Deployment related genitourinary (GU) trauma is a uniquely devastating injury that
has become increasingly common during the recent wars in Iraq and
Because battlefield medical care has improved throughout the Iraq and
Afghanistan wars, many more U.S. servicemen have survived what could
have been fatal injuries in the past. This has resulted in many more
veterans returning with GU injuries.
‘There is need for novel treatments to improve sexual, urinary, or reproductive function among United States service members with severe genital injury.’
In an article in The Journal of Urology
researchers from the U.S. military medical community have examined the
extent and severity of GU injuries among nearly 1,400 U.S. service
members (SMs) and emphasize the critical need for novel treatments to
improve sexual, urinary, or reproductive function among those with
severe genital injury.
Lead investigator Lieutenant Colonel Steven J.
Hudak, Urology Clinic, Department of Surgery, Brooke Army Medical
Center, Fort Sam Houston, Texas, said, "GU injury related urinary, sexual, and
reproductive dysfunction is likely to be highly disruptive during the
challenging course of recovery after complex poly trauma, especially for
young SMs. Continued investment and research in GU injury prevention,
organ reconstruction and replacement, gamete preservation, and physical
as well as psychological rehabilitation are greatly needed."
The Department of Defense Trauma Registry (DoDTR) collects data from
the medical records of trauma patients deployed to support combat
operations who are treated at U.S. military hospitals. Researchers
reviewed the records of more than 29,000 SMs wounded during Operation
Iraqi Freedom (OIF, October 16, 2002 to December 15, 2011) and Operation
Enduring Freedom (OEF, October 7, 2001 to December 28, 2014). Of these,
1,367 men survived after sustaining one or more GU injuries. These SMs
became the subjects of the TOUGH (Trauma Outcomes and Urogenital Health)
project, a U.S. Department of Defense funded study to describe the
epidemiology and long-term outcomes of GU injury among SMs wounded in
OIF and OEF.
The study provided three key findings.
1) The external genitalia was the predominant GU region injured during OIF/OEF
2) Severe testicular and/or penile injury occurred in a substantial proportion of the patients studied
3) GU injuries were often part of a larger constellation of poly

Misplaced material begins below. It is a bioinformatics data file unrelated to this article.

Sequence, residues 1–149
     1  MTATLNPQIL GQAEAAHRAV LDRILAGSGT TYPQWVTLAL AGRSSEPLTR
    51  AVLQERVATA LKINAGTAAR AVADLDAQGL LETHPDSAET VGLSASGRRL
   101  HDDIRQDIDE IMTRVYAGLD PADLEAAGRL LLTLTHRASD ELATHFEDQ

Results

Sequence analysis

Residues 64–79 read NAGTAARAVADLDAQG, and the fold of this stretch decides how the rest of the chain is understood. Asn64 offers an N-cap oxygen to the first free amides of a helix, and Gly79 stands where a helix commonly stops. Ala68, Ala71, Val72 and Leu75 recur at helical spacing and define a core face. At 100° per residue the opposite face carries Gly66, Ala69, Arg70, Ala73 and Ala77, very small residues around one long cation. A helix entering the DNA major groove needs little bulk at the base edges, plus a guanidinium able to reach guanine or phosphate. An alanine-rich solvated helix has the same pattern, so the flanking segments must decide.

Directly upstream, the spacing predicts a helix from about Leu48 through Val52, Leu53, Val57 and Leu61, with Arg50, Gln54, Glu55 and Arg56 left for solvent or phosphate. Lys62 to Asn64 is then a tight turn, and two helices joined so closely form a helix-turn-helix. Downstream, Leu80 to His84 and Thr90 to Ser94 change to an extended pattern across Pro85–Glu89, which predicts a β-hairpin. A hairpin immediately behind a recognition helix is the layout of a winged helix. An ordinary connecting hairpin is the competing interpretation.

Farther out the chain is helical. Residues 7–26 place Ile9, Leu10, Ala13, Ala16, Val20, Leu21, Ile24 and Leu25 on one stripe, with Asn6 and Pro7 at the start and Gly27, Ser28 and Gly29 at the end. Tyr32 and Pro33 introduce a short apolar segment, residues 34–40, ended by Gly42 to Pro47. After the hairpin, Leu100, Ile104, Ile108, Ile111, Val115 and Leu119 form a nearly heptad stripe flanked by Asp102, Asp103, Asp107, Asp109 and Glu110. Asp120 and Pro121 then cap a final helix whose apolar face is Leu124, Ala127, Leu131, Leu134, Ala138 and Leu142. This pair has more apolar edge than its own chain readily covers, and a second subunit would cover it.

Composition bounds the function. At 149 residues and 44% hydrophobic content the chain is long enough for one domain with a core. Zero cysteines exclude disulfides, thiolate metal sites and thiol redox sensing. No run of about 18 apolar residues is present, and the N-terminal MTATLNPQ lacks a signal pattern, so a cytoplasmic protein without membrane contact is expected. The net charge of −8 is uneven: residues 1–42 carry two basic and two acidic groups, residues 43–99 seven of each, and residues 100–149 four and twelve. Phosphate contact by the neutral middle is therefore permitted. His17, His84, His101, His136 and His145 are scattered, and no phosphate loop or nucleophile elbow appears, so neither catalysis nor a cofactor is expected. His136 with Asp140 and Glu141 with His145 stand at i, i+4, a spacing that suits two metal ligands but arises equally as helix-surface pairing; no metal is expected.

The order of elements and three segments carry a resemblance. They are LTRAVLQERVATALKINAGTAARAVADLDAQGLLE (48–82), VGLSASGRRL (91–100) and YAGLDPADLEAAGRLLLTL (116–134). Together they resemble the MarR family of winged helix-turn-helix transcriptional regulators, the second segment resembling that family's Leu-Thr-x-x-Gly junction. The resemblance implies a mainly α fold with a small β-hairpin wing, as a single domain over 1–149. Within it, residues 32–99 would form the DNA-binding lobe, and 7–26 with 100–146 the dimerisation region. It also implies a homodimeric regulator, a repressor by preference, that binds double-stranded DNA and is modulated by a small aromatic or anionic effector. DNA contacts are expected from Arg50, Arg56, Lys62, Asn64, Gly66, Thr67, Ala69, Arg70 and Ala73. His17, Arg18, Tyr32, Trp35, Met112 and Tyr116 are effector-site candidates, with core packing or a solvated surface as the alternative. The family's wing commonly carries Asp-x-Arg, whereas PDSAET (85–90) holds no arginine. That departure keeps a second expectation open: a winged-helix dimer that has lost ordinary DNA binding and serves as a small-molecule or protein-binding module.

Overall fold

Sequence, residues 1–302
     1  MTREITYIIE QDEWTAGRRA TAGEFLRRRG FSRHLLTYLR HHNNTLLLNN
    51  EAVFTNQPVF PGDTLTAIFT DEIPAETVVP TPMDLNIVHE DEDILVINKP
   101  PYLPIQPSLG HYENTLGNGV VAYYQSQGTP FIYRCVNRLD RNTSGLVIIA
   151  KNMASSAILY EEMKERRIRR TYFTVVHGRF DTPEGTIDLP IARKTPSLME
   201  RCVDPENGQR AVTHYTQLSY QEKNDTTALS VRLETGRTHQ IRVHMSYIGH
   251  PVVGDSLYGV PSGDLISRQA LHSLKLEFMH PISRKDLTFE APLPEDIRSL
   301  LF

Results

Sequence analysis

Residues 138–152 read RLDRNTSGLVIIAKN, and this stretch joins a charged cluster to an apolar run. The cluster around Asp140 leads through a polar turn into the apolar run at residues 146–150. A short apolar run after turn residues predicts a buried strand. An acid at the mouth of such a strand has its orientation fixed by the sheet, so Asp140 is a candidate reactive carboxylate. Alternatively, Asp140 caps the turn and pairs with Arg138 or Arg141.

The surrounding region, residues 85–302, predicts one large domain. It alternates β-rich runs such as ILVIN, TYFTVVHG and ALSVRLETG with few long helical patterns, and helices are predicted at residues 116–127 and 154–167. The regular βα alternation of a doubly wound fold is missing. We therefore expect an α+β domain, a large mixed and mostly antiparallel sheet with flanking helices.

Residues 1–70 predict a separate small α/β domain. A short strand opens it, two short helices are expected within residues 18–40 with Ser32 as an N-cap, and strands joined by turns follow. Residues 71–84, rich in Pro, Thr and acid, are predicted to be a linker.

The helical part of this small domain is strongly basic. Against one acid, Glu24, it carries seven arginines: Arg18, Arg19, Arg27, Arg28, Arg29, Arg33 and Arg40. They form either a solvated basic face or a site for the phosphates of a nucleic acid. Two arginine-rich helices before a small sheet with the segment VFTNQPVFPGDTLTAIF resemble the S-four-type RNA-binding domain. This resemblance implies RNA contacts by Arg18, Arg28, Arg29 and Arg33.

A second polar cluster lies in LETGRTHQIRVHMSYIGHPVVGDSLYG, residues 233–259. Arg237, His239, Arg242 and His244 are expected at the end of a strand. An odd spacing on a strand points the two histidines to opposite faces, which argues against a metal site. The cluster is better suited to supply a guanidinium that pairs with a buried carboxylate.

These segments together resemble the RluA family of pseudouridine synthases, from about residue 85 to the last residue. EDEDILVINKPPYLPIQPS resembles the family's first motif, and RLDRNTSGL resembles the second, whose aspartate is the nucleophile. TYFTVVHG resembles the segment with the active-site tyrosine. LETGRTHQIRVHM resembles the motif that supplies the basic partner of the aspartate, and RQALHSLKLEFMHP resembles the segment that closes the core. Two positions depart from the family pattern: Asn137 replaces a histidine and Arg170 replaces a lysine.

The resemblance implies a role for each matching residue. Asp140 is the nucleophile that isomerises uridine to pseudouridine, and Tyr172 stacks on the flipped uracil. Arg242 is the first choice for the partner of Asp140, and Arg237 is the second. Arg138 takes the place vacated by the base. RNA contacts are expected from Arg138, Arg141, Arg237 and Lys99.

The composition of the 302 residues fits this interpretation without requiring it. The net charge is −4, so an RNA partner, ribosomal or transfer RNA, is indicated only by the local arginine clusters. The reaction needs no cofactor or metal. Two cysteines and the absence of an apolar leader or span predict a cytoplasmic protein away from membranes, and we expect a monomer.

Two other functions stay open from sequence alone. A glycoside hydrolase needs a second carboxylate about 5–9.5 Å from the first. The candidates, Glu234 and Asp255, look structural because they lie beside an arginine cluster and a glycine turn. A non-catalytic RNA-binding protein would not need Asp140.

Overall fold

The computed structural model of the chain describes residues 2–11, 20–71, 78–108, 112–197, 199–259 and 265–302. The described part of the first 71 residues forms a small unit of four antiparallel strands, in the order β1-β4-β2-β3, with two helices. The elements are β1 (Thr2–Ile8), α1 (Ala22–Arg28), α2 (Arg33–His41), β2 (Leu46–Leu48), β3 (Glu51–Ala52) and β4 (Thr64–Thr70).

traumatic injuries, which frequently included lower extremity
amputation(s), colorectal injury, and/or traumatic brain injury (TBI)
GU injuries have the unique potential to adversely alter the sexual
and reproductive health of the injured SMs. "The impact of sexual and
reproductive problems may be amplified for younger individuals who are
still in the process of sexual identity development, who are unmarried,
and/or who wish to father children," noted Dr. Hudak. For some men,
paternity is no longer possible without the use of donor sperm, which is
not a covered medical benefit for current or former U.S. SMs.
More than a third of patients studied sustained at least one severe
GU injury (36.7%). Most (81.4%) were younger than 30 years old, junior
enlisted SMs (59.6%) and members of the U.S. Army or U.S. Marine Corps
(95.6%). Battle injuries predominated (88.6%) and the primary mechanism
of injury was explosive (74.1%) resulting in penetrating injuries
The majority of patients had at least one injury to the external
genitalia (73.2%). The specific external GU organs injured were scrotum
(55.6%), testes (33.0%), penis (31%), and/or urethra (9.1%). While only
12% of scrotal and 20% of penile injuries were severe, over 63% of
testicular injuries were severe.
Common comorbid injuries included TBI (40.2%), pelvic fracture
(25.0%), and colorectal injury (21.7%). When an SM had a severe GU
injury, 31.1% also had colorectal trauma, as opposed to 16.3% of those
with less severe GU injury. Lower extremity amputation occurred in more
than a quarter of SMs with GU injury (28.7%).